A straw vote in West Tisbury on Wednesday night saw overwhelming approval for restoration of the Mill Pond, following a public forum hosted by the town selectmen. Residents who attended the forum also suggested that a restoration plan include an ongoing maintenance component.
Eighteen of the 24 residents in attendance raised their hands in support of dredging Mill Pond following an hour of discussion led by selectman and board chairman Glenn R. Hearn. No comment was heard against the restoration. Mr. Hearn said the project can be completed for $125,000 to $150,000, well below initial estimates of $500,000 to $600,000 heard earlier this year. He also said the project could be completely underwritten by Community Preservation Act funds, less contributions from community groups and individuals.
The town preservation commission has been steadily building its reserves and now has more than $733,000 in funds that have not been appropriated for use.
Public comment centered around timing and structure of a permitting and dredging plan and the thicket of permitting agencies involved. Details of the approval processes bewildered many in the audience but selectmen, assisted by conservation commission chairman Prudy Burt, produced two potential scenarios.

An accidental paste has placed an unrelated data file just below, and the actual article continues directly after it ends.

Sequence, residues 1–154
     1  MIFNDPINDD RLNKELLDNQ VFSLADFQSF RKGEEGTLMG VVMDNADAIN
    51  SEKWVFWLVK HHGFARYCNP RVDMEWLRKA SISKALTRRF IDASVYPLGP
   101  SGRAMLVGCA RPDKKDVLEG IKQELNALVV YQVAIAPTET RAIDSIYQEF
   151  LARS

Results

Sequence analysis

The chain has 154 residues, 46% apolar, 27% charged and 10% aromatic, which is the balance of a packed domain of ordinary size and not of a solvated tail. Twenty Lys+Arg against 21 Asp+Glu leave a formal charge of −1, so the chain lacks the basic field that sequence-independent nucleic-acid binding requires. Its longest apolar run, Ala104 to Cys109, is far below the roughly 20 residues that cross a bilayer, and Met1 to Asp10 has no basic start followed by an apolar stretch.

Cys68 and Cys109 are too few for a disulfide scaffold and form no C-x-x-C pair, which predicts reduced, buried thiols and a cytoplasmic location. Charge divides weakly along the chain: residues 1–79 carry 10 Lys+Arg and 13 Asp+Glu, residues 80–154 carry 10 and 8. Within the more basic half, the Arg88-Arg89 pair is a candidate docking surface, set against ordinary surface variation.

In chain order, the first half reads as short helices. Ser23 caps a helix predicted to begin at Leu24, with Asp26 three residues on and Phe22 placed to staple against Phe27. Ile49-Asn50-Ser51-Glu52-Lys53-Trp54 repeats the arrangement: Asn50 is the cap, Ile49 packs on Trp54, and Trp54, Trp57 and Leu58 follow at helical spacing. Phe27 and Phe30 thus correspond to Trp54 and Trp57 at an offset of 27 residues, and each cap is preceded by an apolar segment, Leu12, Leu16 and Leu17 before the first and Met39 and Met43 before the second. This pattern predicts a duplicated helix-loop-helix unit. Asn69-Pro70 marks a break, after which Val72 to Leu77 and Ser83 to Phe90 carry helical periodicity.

First, selectmen must approve an application to the town community preservation committee for community preservation act funds by Oct. 31. Next, town voters must approve the funding either at a special town meeting or the annual town meeting in April.
The Wednesday forum group decided on a fast-track, two-part funding plan, with a first phase for permitting funds and a second phase for funds to dredge the two-and-a-half-acre pond.
The town will then request bids for an environmental consulting company to prepare a preliminary design plan. Permitting costs are estimated at $20,000 to $30,000 and the remaining $100,000 would be used to complete dredging work.
Mr. Hearn said he developed new cost estimates after reviewing a similar project conducted on a three-acre pond near Westport. “That project was a lot more complicated than ours and it cost $300,000,” Mr. Hearn said. Audience members and selectmen also discussed the possibility of renting an innovative portable dredge that a group of private landowners on the Edgartown Great Pond plan to buy for dredging that pond.